The account of a writer's quest to understand her place in the grand generational scheme of her family.
Poet McClanahan (Deep Light, 2007, etc.) was the family "archive junkie [and] keeper of all things outdated and moldy.” Then one day, she realized that for all her apparent knowledge, the truth about her forebears' lives was "wider and deeper" than she realized. She begins her account by delving into the pages of her Great Aunt Bessie's 1897 diary, interweaving actual fragments from it with her own imaginative reconstructions of Bessie's life in rural Indiana. McClanahan then builds on the day-to-day details of Bessie’s letters, pictures and other family documents to construct a narrative that depicts a hardworking family of farmers and day laborers who helped tame the Indiana frontier and build its cities. She includes a whole cast of colorful family characters but emphasizes the relationships between and among the females, including Bessie, her sister, their mother and the author’s mother; it was the women who unwittingly served as family chroniclers. Inevitably, McClanahan's research uncovers painful secrets, including her grandmother's possible participation in Women of the KKK. The narrative is complex, with the author attempting to depict several generations within a family but also place that family within larger historical contexts. Because it focuses on the minutiae of lived reality (especially in the first half of the text) and tries to do too much at once, it may leave readers—except perhaps those with a specific interest in early Hoosier social history—in a knot of frustration.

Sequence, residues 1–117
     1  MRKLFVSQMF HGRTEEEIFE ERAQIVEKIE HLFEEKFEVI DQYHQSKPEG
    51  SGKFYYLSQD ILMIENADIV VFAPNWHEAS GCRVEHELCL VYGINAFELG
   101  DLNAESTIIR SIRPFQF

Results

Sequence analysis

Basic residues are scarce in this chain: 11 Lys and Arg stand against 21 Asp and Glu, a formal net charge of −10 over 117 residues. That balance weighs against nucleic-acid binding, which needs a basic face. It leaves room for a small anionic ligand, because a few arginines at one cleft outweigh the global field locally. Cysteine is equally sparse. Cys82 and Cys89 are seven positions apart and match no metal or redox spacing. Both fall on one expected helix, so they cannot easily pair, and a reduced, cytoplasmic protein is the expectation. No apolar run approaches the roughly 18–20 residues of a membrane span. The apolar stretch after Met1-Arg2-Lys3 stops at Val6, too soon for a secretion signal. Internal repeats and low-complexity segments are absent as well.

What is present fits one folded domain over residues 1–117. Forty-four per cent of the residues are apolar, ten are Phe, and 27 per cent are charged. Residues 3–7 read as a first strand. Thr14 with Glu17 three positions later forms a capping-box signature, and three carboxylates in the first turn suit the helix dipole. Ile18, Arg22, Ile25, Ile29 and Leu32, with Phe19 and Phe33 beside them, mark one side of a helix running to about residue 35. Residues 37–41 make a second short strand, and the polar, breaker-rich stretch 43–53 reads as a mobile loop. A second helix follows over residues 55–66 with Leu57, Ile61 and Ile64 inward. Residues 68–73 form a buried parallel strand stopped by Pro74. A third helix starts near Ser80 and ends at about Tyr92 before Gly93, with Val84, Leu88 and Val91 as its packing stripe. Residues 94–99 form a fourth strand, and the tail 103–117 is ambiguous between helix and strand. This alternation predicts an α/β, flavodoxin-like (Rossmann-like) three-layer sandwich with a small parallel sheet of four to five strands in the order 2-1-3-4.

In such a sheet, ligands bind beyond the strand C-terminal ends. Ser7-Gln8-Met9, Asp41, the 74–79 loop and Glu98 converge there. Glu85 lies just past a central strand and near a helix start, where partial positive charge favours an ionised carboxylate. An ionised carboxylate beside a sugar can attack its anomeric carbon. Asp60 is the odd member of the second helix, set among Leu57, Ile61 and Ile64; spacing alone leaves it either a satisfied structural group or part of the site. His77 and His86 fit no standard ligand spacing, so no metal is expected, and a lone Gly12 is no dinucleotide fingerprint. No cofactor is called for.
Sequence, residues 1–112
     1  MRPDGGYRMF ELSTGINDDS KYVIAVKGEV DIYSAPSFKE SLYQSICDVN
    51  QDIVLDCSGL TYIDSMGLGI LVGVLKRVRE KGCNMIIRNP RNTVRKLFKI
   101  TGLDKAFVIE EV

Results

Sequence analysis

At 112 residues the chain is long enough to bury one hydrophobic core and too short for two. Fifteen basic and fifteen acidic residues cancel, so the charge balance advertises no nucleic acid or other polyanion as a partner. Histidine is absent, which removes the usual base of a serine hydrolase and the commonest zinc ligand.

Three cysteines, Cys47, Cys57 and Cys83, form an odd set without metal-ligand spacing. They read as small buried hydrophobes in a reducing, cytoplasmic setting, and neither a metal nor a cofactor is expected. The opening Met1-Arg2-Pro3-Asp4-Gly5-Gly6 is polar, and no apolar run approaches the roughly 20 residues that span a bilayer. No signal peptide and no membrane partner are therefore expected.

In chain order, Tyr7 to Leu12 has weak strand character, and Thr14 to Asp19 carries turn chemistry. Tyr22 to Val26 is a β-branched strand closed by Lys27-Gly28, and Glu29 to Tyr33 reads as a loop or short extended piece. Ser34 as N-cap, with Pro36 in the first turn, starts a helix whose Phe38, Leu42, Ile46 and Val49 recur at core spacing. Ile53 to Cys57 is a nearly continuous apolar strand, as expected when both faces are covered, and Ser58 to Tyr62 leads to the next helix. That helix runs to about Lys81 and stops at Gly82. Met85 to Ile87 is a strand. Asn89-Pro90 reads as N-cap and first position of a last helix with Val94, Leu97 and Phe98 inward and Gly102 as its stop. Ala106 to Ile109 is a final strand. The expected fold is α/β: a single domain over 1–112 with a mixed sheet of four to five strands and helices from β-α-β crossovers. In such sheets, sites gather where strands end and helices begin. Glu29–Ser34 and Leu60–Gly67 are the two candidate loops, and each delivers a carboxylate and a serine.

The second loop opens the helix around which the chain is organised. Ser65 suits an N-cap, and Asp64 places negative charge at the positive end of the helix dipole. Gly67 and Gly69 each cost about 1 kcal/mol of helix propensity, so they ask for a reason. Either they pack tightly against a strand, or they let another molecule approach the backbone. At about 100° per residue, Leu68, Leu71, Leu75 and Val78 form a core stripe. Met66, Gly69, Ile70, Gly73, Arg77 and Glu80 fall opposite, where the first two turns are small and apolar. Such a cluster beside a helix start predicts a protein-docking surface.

Moving at times, but narratively overreaching.